Culture of Pain
In order to make sweeping changes, she says she first had to understand what the underlying issues were within the service and the complexities of the institution.
So at first she spent a lot of time with front-line workers. She went on patrols, visited the districts and learned as much as she could about the job.
She says she opened her door both figuratively and literally.
"What I heard was that 'we keep saying what is wrong,' 'we don't feel valued,' 'we don't trust the executive to have our backs.' So I wanted to know more about that."
Ball says staff referred to the employee surveys they had filled out, only to find nothing changed. She says another one is set to be released soon.
She says it is clear the officers love their jobs, their co-workers and serving Calgarians. But the physical, emotional and psychological demands of the job is taking its toll. And the problem is they don't believe they are being heard or supported.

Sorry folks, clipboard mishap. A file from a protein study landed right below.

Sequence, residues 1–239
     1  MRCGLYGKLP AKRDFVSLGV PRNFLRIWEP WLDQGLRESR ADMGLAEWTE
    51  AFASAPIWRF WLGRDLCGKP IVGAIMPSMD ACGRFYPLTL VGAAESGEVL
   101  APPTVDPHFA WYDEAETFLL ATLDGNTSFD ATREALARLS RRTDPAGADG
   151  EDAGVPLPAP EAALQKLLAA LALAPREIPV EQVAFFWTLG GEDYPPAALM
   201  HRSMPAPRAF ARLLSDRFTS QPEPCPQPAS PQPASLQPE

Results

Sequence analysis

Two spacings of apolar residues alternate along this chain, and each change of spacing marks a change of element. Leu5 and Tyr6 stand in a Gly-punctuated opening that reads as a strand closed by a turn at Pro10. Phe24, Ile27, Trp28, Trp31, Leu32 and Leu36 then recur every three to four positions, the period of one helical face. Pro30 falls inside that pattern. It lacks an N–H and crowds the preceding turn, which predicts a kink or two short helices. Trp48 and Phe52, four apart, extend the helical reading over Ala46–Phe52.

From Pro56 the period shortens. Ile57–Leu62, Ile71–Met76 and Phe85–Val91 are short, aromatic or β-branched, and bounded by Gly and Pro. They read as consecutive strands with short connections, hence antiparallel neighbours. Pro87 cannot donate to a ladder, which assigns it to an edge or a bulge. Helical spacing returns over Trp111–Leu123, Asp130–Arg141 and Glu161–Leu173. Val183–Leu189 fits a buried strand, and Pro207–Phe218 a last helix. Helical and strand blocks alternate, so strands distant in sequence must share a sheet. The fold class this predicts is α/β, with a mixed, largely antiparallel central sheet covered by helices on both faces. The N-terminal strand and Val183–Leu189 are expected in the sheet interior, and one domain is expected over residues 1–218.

"I diagnosed it as a culture of pain."
She says HR reforms are not easy. They can be volatile, and take a long time to implement.
She says the first few months were great, people were passionate about explaining policing.
But when she started to dig into HR issues around career development, succession planning, diversity, inclusion and culture change, she started to get pushback from above.
"I kept saying, 'are you sure you want me,' and 'do you realize what you are going to get,' and they kept saying, 'well, the folks around me said yes.'"
Yet she says when she questioned her superiors about different decisions, she was laughed at or met with silence, because she was told, you just don't ask those types of questions. She was told, that's the way it is.
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But she says her darkest hour was when she was dragged in front of her peers to defend her request to start reporting to the chief, rather than to a deputy chief. She says she had always reported to a CEO or the president of a company in the past because they were the ones who carried the vision. She felt the same was needed within the Calgary Police Service.